Hand Sanitizers with the Wrong Ingredient Can Be Deadly

Hand sanitizers can help protect you against Covid-19 if they contain the right type of alcohol. Products that contain methanol and 1-propanol can hurt you and even kill you.

Why there’s a hand sanitizer recall

Just as the number of Covid-19 cases is ticking up, the number of potentially dangerous hand sanitizers is rising. The Food and Drug Administration (FDA) now lists 163 products as unsafe because they contain toxic substances such as methanol. That’s up from 149 just a week ago, which is when the agency also added 1-propanol to the roster of potentially harmful substances in some sanitizing products.

Between May 1 and June 30 alone, the Centers for Disease Control and Prevention (CDC) says 15 people in Arizona and New Mexico were poisoned from drinking alcohol-based hand sanitizers containing methanol. Four died and three recovered, but with vision impairments. Given the array of new products out there and more coming every day, the number of unsafe hand sanitizers is likely to rise even further. Here’s what you need to know about the dangers of having the wrong alcohol in hand sanitizers.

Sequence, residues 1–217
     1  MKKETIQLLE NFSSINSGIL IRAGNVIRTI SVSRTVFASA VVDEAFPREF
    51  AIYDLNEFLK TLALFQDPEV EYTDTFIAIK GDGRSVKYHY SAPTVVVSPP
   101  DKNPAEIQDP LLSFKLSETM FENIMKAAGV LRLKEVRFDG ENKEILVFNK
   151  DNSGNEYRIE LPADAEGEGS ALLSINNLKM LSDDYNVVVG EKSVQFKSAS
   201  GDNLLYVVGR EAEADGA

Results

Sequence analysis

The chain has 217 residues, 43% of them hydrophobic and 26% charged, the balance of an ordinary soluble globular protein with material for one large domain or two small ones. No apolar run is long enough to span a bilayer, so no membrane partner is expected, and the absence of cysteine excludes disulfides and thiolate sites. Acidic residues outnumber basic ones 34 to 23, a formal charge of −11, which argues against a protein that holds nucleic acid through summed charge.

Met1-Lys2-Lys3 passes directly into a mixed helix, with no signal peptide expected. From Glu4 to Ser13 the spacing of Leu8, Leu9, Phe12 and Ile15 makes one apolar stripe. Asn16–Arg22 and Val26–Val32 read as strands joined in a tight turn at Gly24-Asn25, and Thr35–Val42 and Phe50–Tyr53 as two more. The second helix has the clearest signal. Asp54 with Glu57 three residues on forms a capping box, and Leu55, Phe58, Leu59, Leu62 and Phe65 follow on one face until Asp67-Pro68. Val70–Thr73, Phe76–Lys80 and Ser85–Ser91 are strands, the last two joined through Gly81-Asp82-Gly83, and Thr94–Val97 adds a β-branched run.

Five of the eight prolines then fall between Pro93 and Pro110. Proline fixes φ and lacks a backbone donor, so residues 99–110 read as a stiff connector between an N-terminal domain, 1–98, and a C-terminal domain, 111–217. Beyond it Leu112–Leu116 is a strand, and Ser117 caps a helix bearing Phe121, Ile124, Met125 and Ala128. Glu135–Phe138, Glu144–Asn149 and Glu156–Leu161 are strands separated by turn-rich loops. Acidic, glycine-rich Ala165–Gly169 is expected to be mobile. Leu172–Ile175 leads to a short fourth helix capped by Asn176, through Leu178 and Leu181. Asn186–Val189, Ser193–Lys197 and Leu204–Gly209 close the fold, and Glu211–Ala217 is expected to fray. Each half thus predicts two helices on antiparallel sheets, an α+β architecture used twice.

close up of person pumping hand sanitizer into handHelin Loik-Tomson/Getty Images

Ethanol and isopropyl alcohol in hand sanitizers

To effectively combat SARS-CoV-2, the virus that causes Covid-19, hand sanitizers should contain at least 60 percent ethanol or 70 percent isopropyl alcohol, says the CDC. Ethanol or ethyl alcohol is the type of alcohol found in beer, wine, and other alcoholic beverages, according to the American Chemical Society (ACS). It kills bacteria, fungi, and viruses, which is why it’s so helpful for hand sanitizers. Some mouthwashes and even foods contain ethanol, as do various beauty and personal care products. The FDA says ethanol is “generally recognized as safe” or GRAS, although inhaling it can cause coughing or headaches.

Ethanol breaks down several times in the body until it becomes water and carbon dioxide, says Robert Glatter, MD, an emergency physician with Lenox Hill Hospital in New York City. “These are simple, nontoxic compounds which are easily eliminated from the body.” (Here are some home cleaning tips for Covid-19.)

Avoid methanol and 1-propanol

Methanol and 1-propanol are also types of alcohol, but they definitely should not be in hand sanitizers. Known as wood alcohol or methyl alcohol, methanol, is used to make fuel, solvents, and antifreeze, says the ACS. “Methanol is not recommended for any human consumption,” adds Beth Ann Lambert, system infection control supervisor at the Center for Quality and Patient Safety at Ochsner Health in New Orleans. “The biggest risk is in ingesting it but even having it on your skin can cause adverse reactions.” It can even kill you. (Find out if your homemade hand sanitizer is safe.)

No one knows why these compounds are finding their way into hand sanitizers. “It could be improper distillation, accidental contamination, or someone doesn’t understand it is truly harmful,” says explains Haley F. Oliver, associate professor of food science at Purdue University in West Lafayette, Indiana.

Ethanol vs methanol: What the difference?